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Kallie

Gum turpentine question

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Hi there,

 

I made some varnish a while ago by using a recipe that I found online, to be more specific, it was a pdf file on Thestrad. The link unfortunately doesnt work anymore so linking it here wont help.

 

Anyways, the recipe contains pine resin, linseed oil, and aloe powder. It said the varnish can be thinned with Gum turpentine to the desired consistancy afterwards.

 

My question is, what sort of gum turpentine would be needed for this? If this is anything like linseed oil, there is so much different types which makes it hard to know which would be usable in varnish. Would I need 100% pure gum turpentine?

 

I found 2 examples of gum turpentine on Ebay that can ship to where I live, can someone please tell me if this might work?

 

http://www.ebay.com/itm/Turpentine-Gum-Therapeutic-Grade-100-ml-3-4-oz-Skipidar-All-Natural-/110992150787?pt=LH_DefaultDomain_0&hash=item19d7a5d103#shId

 

http://www.ebay.co.uk/itm/Mylands-Pure-Gum-Turpentine-1-Litre-/190731553366?ssPageName=ADME:X:eRTM:GB:1123

 

Thank You.

If anyone is interested, I still have the PDF saved, so I can provide the full recipe here.

 

 

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I can't give advice on turpentine but I would like to see the recipe.   The only turpentine I can find locally is in a can at the hardware store and it smells like a rotting cadaver.  Good turpentine should smell like a pine tree. 

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I think it's the A. Beardsmore recipe. You don't need turpentine as a diluent for your varnish, you can use some other solvent like white spirit or kerosen. As some people pointed out gum turpentine will oxidise and create a kind of resin by itself. Sometimes this is not something you want

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Kallie, amongst others the Micah chain of hardware stores supply what they call "genuine turpentine". It's the real thing, I've used it for a long time,. It's got a fresh pine smell to it. So you should be able to get it where you are, it's not necessary to import it.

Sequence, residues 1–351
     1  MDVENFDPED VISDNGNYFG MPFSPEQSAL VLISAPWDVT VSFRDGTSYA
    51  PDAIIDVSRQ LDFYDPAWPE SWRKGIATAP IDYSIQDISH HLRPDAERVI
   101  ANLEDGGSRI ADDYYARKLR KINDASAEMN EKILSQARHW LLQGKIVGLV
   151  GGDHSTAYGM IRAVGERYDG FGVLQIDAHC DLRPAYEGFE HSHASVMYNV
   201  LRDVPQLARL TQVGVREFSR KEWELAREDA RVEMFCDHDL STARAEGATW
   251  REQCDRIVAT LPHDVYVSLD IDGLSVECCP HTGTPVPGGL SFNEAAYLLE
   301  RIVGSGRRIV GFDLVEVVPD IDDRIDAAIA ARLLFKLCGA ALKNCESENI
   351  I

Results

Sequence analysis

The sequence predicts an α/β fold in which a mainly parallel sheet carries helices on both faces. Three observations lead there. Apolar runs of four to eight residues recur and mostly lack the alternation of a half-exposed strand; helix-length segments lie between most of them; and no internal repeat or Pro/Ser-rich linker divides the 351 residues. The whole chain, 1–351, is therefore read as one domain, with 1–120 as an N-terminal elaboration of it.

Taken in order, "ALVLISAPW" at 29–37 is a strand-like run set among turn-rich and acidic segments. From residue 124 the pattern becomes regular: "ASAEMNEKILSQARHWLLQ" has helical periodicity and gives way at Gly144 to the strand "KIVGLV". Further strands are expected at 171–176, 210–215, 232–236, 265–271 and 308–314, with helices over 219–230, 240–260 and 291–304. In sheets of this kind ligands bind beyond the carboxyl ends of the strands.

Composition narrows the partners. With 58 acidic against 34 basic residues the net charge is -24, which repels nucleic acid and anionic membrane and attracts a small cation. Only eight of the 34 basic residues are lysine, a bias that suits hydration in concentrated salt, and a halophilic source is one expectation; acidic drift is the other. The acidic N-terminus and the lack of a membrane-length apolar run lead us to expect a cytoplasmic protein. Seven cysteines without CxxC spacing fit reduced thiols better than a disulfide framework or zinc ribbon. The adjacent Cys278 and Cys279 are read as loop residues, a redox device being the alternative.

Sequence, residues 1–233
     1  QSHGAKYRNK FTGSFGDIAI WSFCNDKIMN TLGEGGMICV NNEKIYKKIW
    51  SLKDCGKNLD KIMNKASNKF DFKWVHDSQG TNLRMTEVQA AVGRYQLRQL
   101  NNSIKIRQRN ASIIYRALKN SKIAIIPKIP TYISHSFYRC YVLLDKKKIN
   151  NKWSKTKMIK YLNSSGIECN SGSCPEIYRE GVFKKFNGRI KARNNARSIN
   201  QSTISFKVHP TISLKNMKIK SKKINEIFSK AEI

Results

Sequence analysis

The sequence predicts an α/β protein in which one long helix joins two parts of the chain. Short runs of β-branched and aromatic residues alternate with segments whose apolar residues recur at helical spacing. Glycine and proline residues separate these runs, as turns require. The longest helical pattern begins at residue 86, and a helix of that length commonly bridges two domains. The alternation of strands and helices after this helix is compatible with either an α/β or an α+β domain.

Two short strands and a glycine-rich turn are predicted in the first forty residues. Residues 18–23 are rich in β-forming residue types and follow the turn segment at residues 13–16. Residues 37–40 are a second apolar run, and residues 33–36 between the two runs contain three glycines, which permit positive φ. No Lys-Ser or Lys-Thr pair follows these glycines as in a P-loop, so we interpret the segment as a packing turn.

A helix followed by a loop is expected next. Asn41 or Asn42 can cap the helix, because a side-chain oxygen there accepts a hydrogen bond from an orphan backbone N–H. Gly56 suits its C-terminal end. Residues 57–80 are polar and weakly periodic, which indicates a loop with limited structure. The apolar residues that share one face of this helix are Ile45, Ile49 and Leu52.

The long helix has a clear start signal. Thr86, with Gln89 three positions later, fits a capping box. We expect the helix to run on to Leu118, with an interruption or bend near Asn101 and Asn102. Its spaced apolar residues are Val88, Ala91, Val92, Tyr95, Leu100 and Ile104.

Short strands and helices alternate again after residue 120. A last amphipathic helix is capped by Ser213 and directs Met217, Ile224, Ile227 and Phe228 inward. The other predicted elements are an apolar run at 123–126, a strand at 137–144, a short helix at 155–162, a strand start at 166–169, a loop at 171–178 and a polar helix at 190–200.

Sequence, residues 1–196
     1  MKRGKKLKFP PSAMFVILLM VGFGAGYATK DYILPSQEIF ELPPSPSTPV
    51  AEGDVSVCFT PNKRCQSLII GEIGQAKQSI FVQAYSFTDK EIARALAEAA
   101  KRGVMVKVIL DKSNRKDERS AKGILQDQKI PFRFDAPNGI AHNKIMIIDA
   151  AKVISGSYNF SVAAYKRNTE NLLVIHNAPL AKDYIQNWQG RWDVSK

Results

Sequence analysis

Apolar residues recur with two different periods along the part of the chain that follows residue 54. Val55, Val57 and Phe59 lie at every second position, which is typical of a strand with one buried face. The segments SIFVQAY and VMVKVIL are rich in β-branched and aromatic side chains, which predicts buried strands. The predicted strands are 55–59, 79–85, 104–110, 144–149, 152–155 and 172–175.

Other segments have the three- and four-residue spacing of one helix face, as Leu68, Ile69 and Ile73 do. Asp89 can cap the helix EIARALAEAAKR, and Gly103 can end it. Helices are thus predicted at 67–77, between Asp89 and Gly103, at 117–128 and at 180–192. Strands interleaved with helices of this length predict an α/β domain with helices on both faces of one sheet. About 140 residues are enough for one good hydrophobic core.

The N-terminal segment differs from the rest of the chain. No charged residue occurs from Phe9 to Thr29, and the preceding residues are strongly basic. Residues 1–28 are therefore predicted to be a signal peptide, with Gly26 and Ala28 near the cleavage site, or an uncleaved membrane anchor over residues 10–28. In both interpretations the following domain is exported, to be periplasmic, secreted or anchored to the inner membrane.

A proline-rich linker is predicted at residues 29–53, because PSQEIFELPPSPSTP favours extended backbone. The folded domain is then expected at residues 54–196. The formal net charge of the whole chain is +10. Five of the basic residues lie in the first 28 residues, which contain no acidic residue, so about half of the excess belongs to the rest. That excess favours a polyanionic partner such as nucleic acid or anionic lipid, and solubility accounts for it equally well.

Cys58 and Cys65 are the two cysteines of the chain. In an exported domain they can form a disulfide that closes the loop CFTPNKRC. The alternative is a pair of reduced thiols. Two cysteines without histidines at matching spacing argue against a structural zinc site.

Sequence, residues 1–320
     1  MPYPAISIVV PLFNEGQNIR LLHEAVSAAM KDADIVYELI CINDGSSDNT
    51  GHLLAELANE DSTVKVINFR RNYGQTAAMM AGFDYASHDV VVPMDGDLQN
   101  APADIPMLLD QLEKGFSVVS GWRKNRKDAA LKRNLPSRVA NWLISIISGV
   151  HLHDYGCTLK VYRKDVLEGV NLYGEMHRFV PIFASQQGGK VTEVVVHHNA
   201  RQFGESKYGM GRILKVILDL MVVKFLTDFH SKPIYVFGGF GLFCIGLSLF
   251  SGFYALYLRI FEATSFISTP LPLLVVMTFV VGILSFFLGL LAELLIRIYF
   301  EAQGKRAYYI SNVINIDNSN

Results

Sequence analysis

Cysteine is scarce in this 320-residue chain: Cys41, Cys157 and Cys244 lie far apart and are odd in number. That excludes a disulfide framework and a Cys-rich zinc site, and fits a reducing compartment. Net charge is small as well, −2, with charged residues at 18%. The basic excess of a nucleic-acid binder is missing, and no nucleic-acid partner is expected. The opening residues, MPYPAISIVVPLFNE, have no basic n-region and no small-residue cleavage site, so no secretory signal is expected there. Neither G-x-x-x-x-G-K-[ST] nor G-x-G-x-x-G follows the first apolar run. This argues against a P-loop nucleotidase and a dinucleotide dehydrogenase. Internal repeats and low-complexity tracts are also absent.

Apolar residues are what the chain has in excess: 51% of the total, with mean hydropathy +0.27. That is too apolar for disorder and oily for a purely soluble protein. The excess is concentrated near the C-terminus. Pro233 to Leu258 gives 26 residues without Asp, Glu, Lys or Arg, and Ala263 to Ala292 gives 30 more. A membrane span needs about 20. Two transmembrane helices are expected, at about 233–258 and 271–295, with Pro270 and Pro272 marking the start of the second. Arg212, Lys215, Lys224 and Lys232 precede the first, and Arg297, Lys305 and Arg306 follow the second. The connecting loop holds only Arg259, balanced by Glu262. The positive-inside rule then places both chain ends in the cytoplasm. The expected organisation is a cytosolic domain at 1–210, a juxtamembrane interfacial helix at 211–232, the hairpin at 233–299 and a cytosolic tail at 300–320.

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Sorry, that's MICA Hardware.

 

Find a store http://www.mica.co.za/index.php/store-locator-2

 

And they do have what you are looking for - high-quality gum spirits ("Genuine Turpentine"). A simple test - if you leave it open, it will turn yellow and gummy quite quickly by oxidation. I've used that particular product for over a decade.As far as I know it's not locally produced, so it's relatively expensive: about R80 for a 750ml bottle.

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abcviolins.com.au/how-to-make-a-varnish

 

varnish2.jpg

 

varnish8.jpg

 

"When the varnish has cooled completely, it can be thinned to the desired consistency with gum turpentine – we usually find we need to add around 100ml, but it will depend on how much you initially sun-thickened the linseed oil."

 

Yes, that is the recipe I was talking about.

 

 

I think it's the A. Beardsmore recipe. You don't need turpentine as a diluent for your varnish, you can use some other solvent like white spirit or kerosen. As some people pointed out gum turpentine will oxidise and create a kind of resin by itself. Sometimes this is not something you want

.

Thank You, I will have a look at that.

 

 

Sorry, that's MICA Hardware.

 

Find a store http://www.mica.co.za/index.php/store-locator-2

 

And they do have what you are looking for - high-quality gum spirits ("Genuine Turpentine"). A simple test - if you leave it open, it will turn yellow and gummy quite quickly by oxidation. I've used that particular product for over a decade.As far as I know it's not locally produced, so it's relatively expensive: about R80 for a 750ml bottle.

 

Thanx again Jacob. I figured you meant Mica. It turning yellow and gummy, is that a good or bad thing?

 

On a unrelated topic, I got the wood gouges, scrapers, etc from Hardware Center in Cape town the other day like you suggested. They had everything I needed. Thanx again.

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Hi Kallie,

 

It's a very good thing if it turns yellow and gummy - that it what is supposed to happen to gum spirits when it oxidizes.

 

It's great that you got sorted at Hardward Center.

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Hi Kallie,